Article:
Hythloday now comes to a point in his description of his dinner with Cardinal Morton that he terms "ridiculous." He says he is unsure whether this story is worth the telling, but decides to tell it anyway.

After Hythloday finishes speaking, someone comments that Hythloday has managed to create a policy dealing with criminals and vagabonds, and asks how to deal with the old and the sick, who are often reduced to begging. A man Hythloday describes as a fool who was always trying to draw laughter takes a stab at the problem. This man decrees that all male beggars would be made "lay brothers" of Benedictine monasteries, and all women be made nuns. According to Hythloday, Cardinal Morton takes this as a good joke, though others take the idea seriously. A friar responds that begging will remain as long as there are friars, referring to the fact that friars collect money for their religious order through begging. The fool wittily responds that the friars would already have been arrested as vagabonds. At this, the friar becomes incensed. He curses the fool with biblical references, and threatens him with excommunication. Cardinal Morton defuses the situation by dismissing the fool, and, soon after, the Cardinal himself goes off to bed, dismissing everyone.

Hythloday now apologizes to More and Giles for telling such a long story, but insists it was necessary to make his point. He wanted to show how the Cardinal's associates had only disdain for his views until the Cardinal himself showed interest, at which point they all became uncritical. They, in fact, became so uncritical, that they then almost accepted the advice of the fool as a serious proposal. This example, Hythloday claims, will demonstrate the lack of acceptance he will receive at the hands of courtiers.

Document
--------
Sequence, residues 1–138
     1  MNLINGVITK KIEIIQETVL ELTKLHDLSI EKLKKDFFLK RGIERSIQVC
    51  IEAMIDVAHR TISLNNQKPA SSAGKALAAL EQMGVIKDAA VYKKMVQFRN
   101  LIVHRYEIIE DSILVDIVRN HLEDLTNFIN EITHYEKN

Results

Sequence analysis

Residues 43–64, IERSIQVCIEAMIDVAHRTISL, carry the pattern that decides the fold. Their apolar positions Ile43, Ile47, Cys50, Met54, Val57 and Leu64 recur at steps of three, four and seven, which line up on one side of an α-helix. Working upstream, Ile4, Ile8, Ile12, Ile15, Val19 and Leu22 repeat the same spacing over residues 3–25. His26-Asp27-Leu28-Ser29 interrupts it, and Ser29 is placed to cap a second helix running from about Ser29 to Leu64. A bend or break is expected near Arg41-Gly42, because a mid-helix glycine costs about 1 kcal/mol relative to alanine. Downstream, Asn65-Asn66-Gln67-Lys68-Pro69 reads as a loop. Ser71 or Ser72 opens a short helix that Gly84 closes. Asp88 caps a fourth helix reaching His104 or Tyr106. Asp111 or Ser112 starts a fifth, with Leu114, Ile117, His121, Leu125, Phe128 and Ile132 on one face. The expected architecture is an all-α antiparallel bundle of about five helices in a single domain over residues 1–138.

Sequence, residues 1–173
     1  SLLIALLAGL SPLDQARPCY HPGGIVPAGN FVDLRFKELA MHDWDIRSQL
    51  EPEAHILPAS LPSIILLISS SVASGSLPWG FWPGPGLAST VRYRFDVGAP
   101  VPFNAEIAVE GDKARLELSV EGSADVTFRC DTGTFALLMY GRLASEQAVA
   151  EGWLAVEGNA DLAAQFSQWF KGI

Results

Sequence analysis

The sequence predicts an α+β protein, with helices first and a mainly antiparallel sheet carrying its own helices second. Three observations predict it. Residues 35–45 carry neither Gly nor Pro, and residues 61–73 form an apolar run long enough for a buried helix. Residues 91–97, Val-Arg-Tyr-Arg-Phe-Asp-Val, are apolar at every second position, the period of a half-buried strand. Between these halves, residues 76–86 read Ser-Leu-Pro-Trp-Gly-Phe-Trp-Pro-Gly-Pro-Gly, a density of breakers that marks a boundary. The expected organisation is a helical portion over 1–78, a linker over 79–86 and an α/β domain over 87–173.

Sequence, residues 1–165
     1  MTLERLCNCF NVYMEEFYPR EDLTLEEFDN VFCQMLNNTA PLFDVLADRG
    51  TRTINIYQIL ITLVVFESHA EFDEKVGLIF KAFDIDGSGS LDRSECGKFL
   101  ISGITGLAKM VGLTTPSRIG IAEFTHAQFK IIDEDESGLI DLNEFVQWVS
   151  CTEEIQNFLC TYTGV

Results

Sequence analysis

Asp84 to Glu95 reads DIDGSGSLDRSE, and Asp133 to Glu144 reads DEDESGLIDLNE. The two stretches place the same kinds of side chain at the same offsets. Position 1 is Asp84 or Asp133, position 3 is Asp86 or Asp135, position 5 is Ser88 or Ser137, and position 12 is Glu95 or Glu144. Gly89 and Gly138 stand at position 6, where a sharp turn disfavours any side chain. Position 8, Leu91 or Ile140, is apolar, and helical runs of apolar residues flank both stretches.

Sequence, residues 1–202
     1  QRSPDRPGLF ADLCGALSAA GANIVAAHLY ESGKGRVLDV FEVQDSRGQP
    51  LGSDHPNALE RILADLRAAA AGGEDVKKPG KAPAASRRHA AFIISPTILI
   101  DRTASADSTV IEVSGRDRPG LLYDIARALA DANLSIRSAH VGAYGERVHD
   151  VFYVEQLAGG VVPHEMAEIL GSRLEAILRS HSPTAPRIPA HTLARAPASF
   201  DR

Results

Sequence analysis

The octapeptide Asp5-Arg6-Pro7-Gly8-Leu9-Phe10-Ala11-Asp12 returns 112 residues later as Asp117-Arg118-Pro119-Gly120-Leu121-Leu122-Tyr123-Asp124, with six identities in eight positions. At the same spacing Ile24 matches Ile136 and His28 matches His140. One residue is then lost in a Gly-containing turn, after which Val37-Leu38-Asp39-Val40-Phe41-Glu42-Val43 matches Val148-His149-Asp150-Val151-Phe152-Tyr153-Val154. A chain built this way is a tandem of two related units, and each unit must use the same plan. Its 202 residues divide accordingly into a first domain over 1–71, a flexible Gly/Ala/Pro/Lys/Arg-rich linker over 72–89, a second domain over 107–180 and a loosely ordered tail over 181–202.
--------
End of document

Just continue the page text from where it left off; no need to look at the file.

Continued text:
The meaning of the story about the fool and the friar is not obvious. Hythloday himself claims not to know why he tells the story. Eventually, he claims the story shows how men form judgments not on the merit of the proposal put before them but wholly in response to the judgments formed by the men in power. Judgments, then, are not a process of rational thought, but rather a means of currying favor. The story can be seen as an example of such judgment making, but Hythloday's previous description of the reaction to his proposals before and after Cardinal Morton displayed his approval of them was a far superior example and needed little further support.

A second interpretation, offered by David Wootton, argues that the fool provides a third alternative between the worldly More and the philosophical Hythloday. The fool, Wootton claims, represents Christian Folly, a distinct notion of Humanist thought first conceived by Erasmus in Praise of Folly. Christian Folly is the understanding that a man who acts according to the laws of Christianity, independent of his wisdom or intelligence, will be seen as acting in folly. Christian Folly claimed that Christianity did not mesh with European culture at large, no matter what those in power claimed. The fool, in this conception, is a jester, a man who pokes fun at the inconsistencies of society and yet is treated with condescension. This evocation of Christian Folly in the form of the fool is meant, according to Wootton, to remind the reader of Utopia that while the real world can never be perfect and Utopia is a figment of the imagination, the Kingdom of Heaven is real and imminent. Utopia is a book advocating social reform, but its deepest hope remains religious. Wootton's argument, though convincing in its textual analysis, can prove difficult to grasp for the simple reason that it hinges on an understanding of a Humanist body of knowledge to which most modern readers have had no exposure. To better understand the idea of Christian Folly, the best work is probably the source, Erasmus's Praise of Folly.

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